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Claremont McKenna: , who has helped shape culture and thought


ericpark 2 / 9  
Jan 2, 2010   #1
I was actually hoping to write an ode to Machiavelli. An Italian sonnet to him as kind of a tribute.

I didn't realize the difficulty, hahaha. Anyone think this is a good idea. I was hoping to be a little more creative and original.

Here it what I have so far.

The mob will turn for inward joy or glee,
Naméd virtue, freedom, vigor, power
Thy troops yielded: anon nobles cower
Reduced by its own roots; A broken tree
Thy chamber breached: to flee and/or to plea
marycornell 2 / 19  
Jan 2, 2010   #2
I think it could result in an amazing poem
but how long were you planning to make it?
I think it might be too much work and may not have enough details that the admin want to see.

I'm also applying to CMC and I think you can tell more in an essay because it does not have the severe limitations as a poem does.

What you have so far is amazing though!

Depending on how long you're going to make it, it might not have a thorough response and I think the admin might get tired of reading in verse for too long.

All in all, too much work. Make it easier on yourself. It's original but could hurt more than help you.
OP ericpark 2 / 9  
Jan 2, 2010   #3
Merged:

Claremont McKenna: Sonnet to Niccolo Machiavelli



Topic: Leadership is a constant theme and emphasis at CMC. In fact, one of the ways we describe CMC students is "Leaders in the Making." Identify and discuss a person, fictional or nonfictional, who has helped shape culture and thought. You may select someone from any field: literature, the arts, science, politics, history, athletics, business, education, etc.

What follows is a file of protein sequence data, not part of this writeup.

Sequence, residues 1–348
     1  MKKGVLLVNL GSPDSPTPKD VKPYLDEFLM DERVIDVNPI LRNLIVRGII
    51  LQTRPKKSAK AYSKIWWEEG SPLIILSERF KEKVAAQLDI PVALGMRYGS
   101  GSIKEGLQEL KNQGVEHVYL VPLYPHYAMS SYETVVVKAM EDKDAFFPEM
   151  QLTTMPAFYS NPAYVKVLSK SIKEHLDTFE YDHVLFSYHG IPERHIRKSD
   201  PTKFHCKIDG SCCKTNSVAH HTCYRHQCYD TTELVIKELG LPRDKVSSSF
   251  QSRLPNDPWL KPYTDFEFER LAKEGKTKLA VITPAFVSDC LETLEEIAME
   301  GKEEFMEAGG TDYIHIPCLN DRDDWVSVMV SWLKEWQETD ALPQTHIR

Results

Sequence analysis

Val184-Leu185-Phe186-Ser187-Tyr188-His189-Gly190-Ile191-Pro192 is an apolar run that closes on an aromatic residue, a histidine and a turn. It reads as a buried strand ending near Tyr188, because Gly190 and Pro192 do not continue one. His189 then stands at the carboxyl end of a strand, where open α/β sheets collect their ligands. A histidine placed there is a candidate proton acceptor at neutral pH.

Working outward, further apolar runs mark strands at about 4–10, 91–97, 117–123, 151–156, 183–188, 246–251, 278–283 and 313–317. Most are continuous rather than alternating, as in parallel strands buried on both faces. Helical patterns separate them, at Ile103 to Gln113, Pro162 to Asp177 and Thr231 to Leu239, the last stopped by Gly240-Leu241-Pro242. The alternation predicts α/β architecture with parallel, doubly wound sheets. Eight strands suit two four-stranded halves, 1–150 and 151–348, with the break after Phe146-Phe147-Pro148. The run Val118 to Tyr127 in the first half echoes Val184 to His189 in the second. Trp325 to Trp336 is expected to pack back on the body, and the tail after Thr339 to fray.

Hoping to paste this in word for word any critique would be great!!! Thanks in advance for reading.

Niccolo Machiavelli, the writer of The Prince
In honor of Niccolo Machiavelli's infamous The Prince, I have written a Petrarchan (Italian) Sonnet as an ode.

1.) The mob will turn for inward joy or glee, [A]
2.) Naméd virtue, freedom, vigor, power, [B]
3.) Thy troops yielded: anon nobles cower. [B]
4.) Reduced by its own roots; a broken tree. [A]
5.) Thy chamber breached: to flee and/or to plea [A]
6.) The hour hath come, the ring of the tower, [B]
7.) Authority slighted, elite devoured: [B]
8.) Thy crown shattered and death of thee: [A]
9.) Discord, disorder, distress define kingship. [C]
10.) Thus how to rule or sway or lead thy herd [D]
11.) Mercy or fear remains power's puzzle. [E]
12.) Consult The Prince and thus its text equip [C]
13.) Whether moral or wrong its lines are heard: [D]
14.) Let fear of death be thy subject's muzzle [E]
bellcicle - / 2  
Jan 2, 2010   #4
I'm sorry, I would really love to return the favor and help, but I honestly know absolutely nothing about poetry.
EF_Kevin 8 / 13,321 129  
Jan 12, 2010   #5
Ha ha, very good. I think the reader will surely be impressed, especially if s/he is familiar with the work of Mach. I really hope s/he is familiar, because otherwise the greatness of this might be lost on him/her.

I have never seen and/or used in a poem!! You are smart.

I have no criticism to give, except that perhaps sme criticism is due for Mach. It might be nice to include some lines of adminission for his ruthlessness -- but that would be contrary to the theme of the poem. Still, it could be done. I mean, if an equally eloquent ode to Cicero was given by another student, wouldn't the reader tend to favor the Cicero poem?

Anyway, I have no criticism to give, because this is a great work of art already.


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